Prime Minister Justin Trudeau made a plea to European leaders to come together as democracies in the face of Russia's unprovoked invasion of Ukraine and tackle growing uncertainties citizens have about the future.
The one-month-old conflict has not only caused security unrest in Europe and around the globe, but it has also sent another shock to a global economy climbing its way out of the COVID-19 pandemic.
Rising global inflation rates, which in Canada have hit three-decade highs, have further inflamed what Trudeau said were long-simmering economic frustrations that now drive deep uncertainties about the future, as well as distrust of government.
Speaking to European parliamentarians, Trudeau called on them as democracies to address those concerns head on, and do the same with the threat to democracy posed by Russian President Vladimir Putin.
“Putin's attack on Ukraine is an attack on the values that form the pillars of all democracies. We have a responsibility to make the case to people about why these values matter so much not just to Ukrainians, but to us all,” Trudeau said in his remarks.
It was his second time addressing the European Parliament, following a 2017 speech that was meant as a shot in the arm for a continent reeling from Britain's vote a year earlier to leave the European Union amid the election of Donald Trump in the United States.
Trudeau referenced that five-year-old speech on Wednesday, noting at the time everyone in the room could see something lurking on the horizon that threatened the international order.
He looked no further than the protesters who clogged the streets around Parliament Hill last month, saying that organizers of the so-called Freedom Convoy used people's anxieties to turn citizens against a democratic system that was best suited to allay their concerns.
He argued that governments can and should play a positive role in people's lives.
Economically, the Russian invasion of Ukraine – which Trudeau said amounted to war crimes with the targeting and killing of civilians in hospitals and residential buildings – has led to a jump in global oil prices and the price of gas.
It's also sent global food prices higher because Ukraine is a key exporter of wheat that, importantly, helps the United Nation's World Food Programme.
In response, Europe and Canada agreed to provide direct food aid and ramp up the supply of agricultural products generally, said European Commission President Ursula von der Leyen.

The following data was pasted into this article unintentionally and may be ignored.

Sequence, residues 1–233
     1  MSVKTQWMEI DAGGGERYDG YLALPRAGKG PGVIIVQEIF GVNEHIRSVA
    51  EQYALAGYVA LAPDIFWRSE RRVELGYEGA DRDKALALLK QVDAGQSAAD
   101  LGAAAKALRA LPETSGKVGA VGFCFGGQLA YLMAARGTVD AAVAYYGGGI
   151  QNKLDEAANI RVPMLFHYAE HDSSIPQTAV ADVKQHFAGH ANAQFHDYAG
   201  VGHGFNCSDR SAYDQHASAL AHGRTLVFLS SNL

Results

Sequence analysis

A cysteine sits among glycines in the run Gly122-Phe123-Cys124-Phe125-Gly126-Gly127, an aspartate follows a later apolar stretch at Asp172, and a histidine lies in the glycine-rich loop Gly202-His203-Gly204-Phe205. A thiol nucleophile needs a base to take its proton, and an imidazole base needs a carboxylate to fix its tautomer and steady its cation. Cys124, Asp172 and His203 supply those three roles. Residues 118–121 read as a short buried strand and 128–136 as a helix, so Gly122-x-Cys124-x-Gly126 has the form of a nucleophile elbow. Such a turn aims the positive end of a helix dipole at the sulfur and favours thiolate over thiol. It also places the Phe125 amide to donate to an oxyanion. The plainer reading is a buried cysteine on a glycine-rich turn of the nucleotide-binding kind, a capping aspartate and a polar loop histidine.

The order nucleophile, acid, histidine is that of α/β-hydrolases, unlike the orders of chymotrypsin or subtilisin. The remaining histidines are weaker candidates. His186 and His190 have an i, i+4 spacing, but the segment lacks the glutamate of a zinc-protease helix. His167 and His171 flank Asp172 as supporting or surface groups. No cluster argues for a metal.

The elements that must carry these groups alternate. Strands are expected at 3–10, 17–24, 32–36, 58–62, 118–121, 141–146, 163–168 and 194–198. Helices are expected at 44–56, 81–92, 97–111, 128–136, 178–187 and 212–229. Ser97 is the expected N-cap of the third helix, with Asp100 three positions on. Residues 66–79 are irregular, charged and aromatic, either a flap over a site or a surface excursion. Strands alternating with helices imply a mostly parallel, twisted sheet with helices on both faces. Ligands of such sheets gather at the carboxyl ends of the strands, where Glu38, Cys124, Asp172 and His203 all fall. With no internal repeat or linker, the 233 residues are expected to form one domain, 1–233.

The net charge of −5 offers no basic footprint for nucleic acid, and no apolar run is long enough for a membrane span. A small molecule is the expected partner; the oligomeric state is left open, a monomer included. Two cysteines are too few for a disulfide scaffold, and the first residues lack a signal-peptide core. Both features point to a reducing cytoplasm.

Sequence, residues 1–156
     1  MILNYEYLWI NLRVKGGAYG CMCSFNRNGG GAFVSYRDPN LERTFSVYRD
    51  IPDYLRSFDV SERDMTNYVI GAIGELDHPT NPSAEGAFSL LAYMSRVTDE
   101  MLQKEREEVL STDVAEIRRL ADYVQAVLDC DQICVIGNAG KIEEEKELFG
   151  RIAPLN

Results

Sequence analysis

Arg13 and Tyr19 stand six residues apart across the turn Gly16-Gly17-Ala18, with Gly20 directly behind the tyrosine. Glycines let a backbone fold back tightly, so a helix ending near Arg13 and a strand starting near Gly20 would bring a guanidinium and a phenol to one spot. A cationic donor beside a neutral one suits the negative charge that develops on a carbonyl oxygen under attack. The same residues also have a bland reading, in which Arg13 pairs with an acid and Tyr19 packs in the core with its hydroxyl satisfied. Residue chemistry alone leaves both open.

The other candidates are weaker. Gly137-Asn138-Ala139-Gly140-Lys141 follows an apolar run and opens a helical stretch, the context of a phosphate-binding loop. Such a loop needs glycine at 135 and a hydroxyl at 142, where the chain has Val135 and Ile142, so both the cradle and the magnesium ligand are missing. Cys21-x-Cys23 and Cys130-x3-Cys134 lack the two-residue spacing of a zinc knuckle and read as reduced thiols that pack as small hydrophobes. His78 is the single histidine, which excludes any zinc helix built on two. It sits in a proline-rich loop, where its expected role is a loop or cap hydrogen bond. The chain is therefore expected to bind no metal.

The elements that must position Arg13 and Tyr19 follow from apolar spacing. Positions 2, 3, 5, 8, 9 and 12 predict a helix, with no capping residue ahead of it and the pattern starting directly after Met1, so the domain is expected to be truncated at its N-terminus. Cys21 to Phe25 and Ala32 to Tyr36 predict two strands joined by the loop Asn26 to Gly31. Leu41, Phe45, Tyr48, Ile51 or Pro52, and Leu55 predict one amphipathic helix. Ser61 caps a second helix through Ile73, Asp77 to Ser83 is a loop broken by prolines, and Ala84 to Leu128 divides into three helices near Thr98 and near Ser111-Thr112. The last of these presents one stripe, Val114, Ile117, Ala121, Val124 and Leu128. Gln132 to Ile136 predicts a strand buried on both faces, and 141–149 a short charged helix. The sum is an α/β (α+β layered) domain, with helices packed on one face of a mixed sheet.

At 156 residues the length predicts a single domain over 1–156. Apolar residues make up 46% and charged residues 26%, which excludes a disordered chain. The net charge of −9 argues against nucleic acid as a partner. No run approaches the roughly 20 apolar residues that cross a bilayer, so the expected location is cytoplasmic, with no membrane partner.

Europe is also now looking to Canada for oil and gas as part of a plan to help the continent end its dependency on Russian fossil fuels.
“Canada is determined to continue to lead the way on moving towards net zero, decarbonizing as much as possible,'' Trudeau said during remarks ahead of a working dinner with von der Leyen.
“At the same time, as we recognize the need for people to replace Russian oil and gas in the short term, we will, of course, look at ways that Canada can help.”
The two also announced a G7 group aimed at ensuring that targeted Russians and organizations won't be able to evade the economic sanctions levelled against them.
Other options for ending the fighting will be on the agenda Thursday when Trudeau joins other NATO leaders to co-ordinate the military alliance’s response to Russia's attack on Ukraine.
Trudeau told European leaders on Wednesday that western countries must send military equipment and lethal aid to Ukraine, and further tighten economic sanctions on Putin and his enablers in Russia and Belarus.
“We must ensure that the decision to invade a sovereign, independent country is understood to be a strategic failure that carries with it ruinous costs for Putin and Russia,'' he said to applause.
Trudeau toured Europe two weeks ago, holding meetings in London, Berlin, Warsaw, and Riga, where he also visited Canadian troops leading a NATO multinational battlegroup.
At home he will face pressure to boost Canada’s defence budget, which according to NATO estimates stands at 1.39 per cent of the country's gross domestic product in 2021.
“Ukraine is helping to make spending on defence more palatable for Canadians,'' said Andrea Charron, director of the Centre for Defence and Security Studies at the University of Manitoba.
“I think we need ground-based, anti-aircraft defence capabilities desperately and a replacement for the (CF-18 fighter jets).''
Before leaving Ottawa on Tuesday, Trudeau spoke with Ukrainian President Volodymyr Zelenskyy about “further international assistance ahead of the upcoming NATO and G7 meetings,” the Prime Minister's Office said in a statement.
In a tweet, Zelenskyy said he specifically spoke about the ``humanitarian catastrophe'' unfolding in the besieged city of Mariupol, and “the importance of effective security guarantees” for Ukraine.
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